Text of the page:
|Access coupons, exclusive discounts and prizes and earn rewards for spending milestones
|Personalised offers, treats and a chance to win your shopping for free
|Credit for saving in your account, exclusive deals and chances to win prizes
|Get cash for saving on card
|£1 for every £20 saved on the card
|Personalised vouchers and member rewards
The value of Clubcard vouchers is decreasing
Our survey found that 21% of people sign up for loyalty cards to get restaurant vouchers, while 18% of people want to use their points for hotels or accommodation. Until now, Clubcard vouchers have been worth triple their value when used with 100+ reward partners, but from 14th June, Clubcard vouchers will only be worth double their value.
An offer you can’t refuse: The price of not having a loyalty card
Our survey found that 44% of supermarket loyalty card holders sign up to gain access to member discounts. So, while the value of points is low, are supermarkets enticing more and more people to sign up so they don’t miss out on these deals?
We tracked the loyalty price and non-loyalty prices of products at Sainsbury’s and Tesco over 2 weeks to see the difference in price and any other patterns.
- At Sainsbury’s, the regular prices were 45% higher on average than the Nectar prices. The biggest saving at Sainsbury’s was on a tub of Philadelphia, which was more than double the price if you didn’t have a Nectar card (£2.20 compared to £1.00 on offer).
- At Tesco, regular prices were 36% higher on average than the Clubcard prices. The biggest saving from the products compared was on Nescafe Azera Instant Coffee, which was £3.50 with a Clubcard but an eye-watering £6.00 without a Clubcard.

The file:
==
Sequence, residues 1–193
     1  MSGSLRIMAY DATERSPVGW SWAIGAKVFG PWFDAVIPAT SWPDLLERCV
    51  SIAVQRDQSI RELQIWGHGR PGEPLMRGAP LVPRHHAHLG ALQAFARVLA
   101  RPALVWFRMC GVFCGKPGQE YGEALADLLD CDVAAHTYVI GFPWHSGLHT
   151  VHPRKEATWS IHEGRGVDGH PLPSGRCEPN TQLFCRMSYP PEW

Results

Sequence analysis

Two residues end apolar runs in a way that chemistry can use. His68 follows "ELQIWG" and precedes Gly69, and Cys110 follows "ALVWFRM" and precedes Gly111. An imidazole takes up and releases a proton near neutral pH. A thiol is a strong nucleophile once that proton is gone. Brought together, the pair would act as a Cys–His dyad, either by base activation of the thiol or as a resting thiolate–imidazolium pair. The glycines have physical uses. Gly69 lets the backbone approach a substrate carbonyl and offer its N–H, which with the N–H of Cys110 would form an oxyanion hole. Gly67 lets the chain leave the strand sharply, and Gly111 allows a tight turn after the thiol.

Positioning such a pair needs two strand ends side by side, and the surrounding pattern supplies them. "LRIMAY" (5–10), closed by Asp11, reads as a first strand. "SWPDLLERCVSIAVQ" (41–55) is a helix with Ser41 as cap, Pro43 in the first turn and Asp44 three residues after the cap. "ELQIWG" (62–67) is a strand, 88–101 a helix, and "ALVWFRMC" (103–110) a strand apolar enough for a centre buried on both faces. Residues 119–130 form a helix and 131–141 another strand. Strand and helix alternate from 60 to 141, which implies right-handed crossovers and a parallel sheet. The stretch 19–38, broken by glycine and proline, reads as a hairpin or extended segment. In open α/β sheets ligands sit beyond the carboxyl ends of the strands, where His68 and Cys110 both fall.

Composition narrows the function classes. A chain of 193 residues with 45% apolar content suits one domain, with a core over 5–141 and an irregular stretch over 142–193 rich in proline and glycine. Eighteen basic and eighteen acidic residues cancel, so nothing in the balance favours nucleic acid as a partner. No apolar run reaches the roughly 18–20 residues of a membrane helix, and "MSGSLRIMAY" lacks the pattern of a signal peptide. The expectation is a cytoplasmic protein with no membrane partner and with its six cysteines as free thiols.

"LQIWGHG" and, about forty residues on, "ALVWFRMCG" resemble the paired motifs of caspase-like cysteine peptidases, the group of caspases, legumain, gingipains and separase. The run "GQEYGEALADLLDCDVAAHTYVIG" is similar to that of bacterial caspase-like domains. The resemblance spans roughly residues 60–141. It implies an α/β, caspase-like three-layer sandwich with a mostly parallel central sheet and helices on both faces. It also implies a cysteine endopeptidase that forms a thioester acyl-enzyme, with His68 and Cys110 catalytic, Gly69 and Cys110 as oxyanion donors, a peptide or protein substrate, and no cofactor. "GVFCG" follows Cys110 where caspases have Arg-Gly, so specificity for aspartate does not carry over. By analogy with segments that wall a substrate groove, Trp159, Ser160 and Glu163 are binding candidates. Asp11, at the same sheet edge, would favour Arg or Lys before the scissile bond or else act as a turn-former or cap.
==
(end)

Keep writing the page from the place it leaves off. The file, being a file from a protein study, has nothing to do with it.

There is no doubt that the savings with a loyalty card are substantial, so this is a clever way for supermarkets to get more people to sign up for their schemes.
Interestingly, some product prices changed before and after the deals. A tin of tuna chunks at Sainsbury’s was £5 on a regular price and £3.75 on offer, but the regular price was reduced to £4.50 once that offer stopped, potentially to increase the perceived savings of having a loyalty card at that store.
At Tesco, Fairy dishwasher tablets were on Clubcard offer for £7.00 with a regular price of £9.00, but the regular price increased to £10.00 once people were no longer able to access the deal.
Supermarket prices change for a number of reasons, including inflation and pricing at other stores, but it’s interesting to see how they change in relation to the deals on offer.
Methodology and sources
- Finder commissioned Censuswide in June 2023 to carry out a nationally representative survey of adults aged 18+. A total of 2,000 people were questioned throughout Great Britain, with representative quotas for gender, age and region.
- To calculate the spend required for a free weekly shop, we took the value of a point at the 4 supermarkets regardless of how they are earned, with the caveat that you can’t earn points on everything at Morrison’s and Co-op.
- To calculate the spend required for different items, we took the value of the items from each shop and the value of a point at Tesco and Sainsbury’s.
- ONS figure was used for weekly household shop.
- Finder tracked the loyalty card and non-loyalty card prices of selected products on offer for 2 weeks from 1st June – 15th June 2023.